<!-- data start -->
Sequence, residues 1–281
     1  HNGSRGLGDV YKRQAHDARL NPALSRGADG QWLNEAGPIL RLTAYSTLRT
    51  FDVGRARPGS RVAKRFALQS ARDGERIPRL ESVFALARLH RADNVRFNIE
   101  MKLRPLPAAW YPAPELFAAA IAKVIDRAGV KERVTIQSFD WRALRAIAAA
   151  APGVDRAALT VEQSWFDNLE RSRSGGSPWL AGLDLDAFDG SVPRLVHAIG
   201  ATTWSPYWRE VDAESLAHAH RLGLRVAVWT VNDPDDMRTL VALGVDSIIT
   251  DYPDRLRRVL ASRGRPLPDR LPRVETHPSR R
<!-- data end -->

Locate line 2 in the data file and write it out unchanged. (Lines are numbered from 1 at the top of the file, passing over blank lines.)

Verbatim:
     1  HNGSRGLGDV YKRQAHDARL NPALSRGADG QWLNEAGPIL RLTAYSTLRT